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Category: Native Americans

Three Marines, all Navajo Code Talkers, pose with weapons in a World War II photo

World War II’s Navajo Code Talkers, In Their Own Words

Posted by: Neely Tucker

Some of the U.S. military's best intelligence assets during both World Wars were Native American troops who used their own, unwritten languages as the basis for coded radio messages. These Code Talkers, particularly Navajo Marines, were invaluable in the Pacific theater of World War II. Twenty-nine Navajo Code Talkers were later awarded the Congressional Gold Medal. Many of these soldiers' personal stories are preserved in the LIbrary's Veterans History Project.

Image of an ornate clock showing 2:05 with sculpted male figures sitting on each side of the clock face

The Soldier’s Letter: The Civil War from the Western Frontier

Posted by: Neely Tucker

The Library recently acquired a rare surviving copy of the complete run of a Civil War regimental newspaper, the Soldier's Letter of the 2nd Colorado Cavalry of the American military. More than a hundred regiments on both sides of the conflict printed at least one edition of a camp newspaper, but few survive and a complete run of one paper is even harder fo find today. The four-page Soldier's Letter, staunchly against slavery and the Confederacy, ran for 50 editions between 1864 until after the war ended in 1865. Though mostly concerned with the regiment's history and daily details of camp life, the paper shows that soldiers were more concerned about warring Native American tribes than they were Confederate units, and they would eventually form a military bridge between the Civil War and the Indian Wars that followed.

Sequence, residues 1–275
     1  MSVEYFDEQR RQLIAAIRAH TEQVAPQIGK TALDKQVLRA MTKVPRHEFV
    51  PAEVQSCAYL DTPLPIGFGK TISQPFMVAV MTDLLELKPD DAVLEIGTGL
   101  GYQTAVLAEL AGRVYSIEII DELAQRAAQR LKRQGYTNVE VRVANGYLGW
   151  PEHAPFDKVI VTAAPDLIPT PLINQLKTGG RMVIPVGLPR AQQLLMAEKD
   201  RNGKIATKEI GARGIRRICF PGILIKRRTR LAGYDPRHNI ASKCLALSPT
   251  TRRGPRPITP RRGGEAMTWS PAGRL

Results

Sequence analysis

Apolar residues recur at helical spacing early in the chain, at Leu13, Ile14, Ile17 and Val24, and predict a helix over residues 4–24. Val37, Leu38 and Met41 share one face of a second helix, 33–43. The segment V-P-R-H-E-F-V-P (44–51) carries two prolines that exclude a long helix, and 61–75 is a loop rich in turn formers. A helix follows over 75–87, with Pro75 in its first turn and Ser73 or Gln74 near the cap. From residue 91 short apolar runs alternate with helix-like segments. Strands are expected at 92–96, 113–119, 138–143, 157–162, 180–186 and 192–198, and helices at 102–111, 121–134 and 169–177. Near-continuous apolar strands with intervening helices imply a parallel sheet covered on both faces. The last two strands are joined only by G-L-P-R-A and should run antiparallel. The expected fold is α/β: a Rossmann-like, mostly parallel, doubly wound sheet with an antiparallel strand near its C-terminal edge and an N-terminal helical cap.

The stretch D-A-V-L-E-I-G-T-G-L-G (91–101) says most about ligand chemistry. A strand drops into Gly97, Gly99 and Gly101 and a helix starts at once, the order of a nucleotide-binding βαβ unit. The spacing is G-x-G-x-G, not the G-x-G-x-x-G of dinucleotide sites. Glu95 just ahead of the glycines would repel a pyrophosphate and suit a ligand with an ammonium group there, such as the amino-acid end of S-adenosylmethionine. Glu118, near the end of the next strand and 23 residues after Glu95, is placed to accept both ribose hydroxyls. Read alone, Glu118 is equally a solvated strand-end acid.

Library Acquires Rare Codex from Central Mexico

Posted by: Neely Tucker

Theft, fraud, harassment, withholding of payment — courts around the world hear these charges all the time. Yet, they’re far from modern. The Library’s newly acquired San Salvador Huejotzingo Codex, for example, documents a legal proceeding from 1571 in which Indigenous Nahuatl officials in central Mexico accused their village’s Spanish administrator of these very same …

Image of an ornate clock showing 2:05 with sculpted male figures sitting on each side of the clock face

Connecting Andean Voices and Heritages

Posted by: Neely Tucker

This is a guest post by Giselle Aviles, a reference librarian in the Hispanic Reading Room of the Latin American, Caribbean and European Division. The Hispanic Reading Room has a new research guide, Interconnecting Worlds: Weaving Community Narratives, Andean Histories & the Library’s Collections. This guide, with resources in English, Spanish and Quechua, facilitates research …

Image of an ornate clock showing 2:05 with sculpted male figures sitting on each side of the clock face

Trailblazing American Women on Quarters

Posted by: Neely Tucker

This is a guest post by Maria Peña, a public relations strategist in the Library’s Office of Communications. Maya Angelou broke ground as a multifaceted author, poet, actress, recording artist and civil rights activist, while Adelina “Nina” Otero-Warren left an indelible mark in New Mexico’s suffrage movement. This year, both are among five trailblazing women …

Image of an ornate clock showing 2:05 with sculpted male figures sitting on each side of the clock face

Maya Blue and the Vessels of the Diving Gods

Posted by: Neely Tucker

The ceramics created by ancient Maya potters make for some of the most vibrantly colored objects that survive in the archaeological record of the Americas. John Hessler, curator of the Library's Kislak collection, explains how their distinctive blue color has survived for centuries.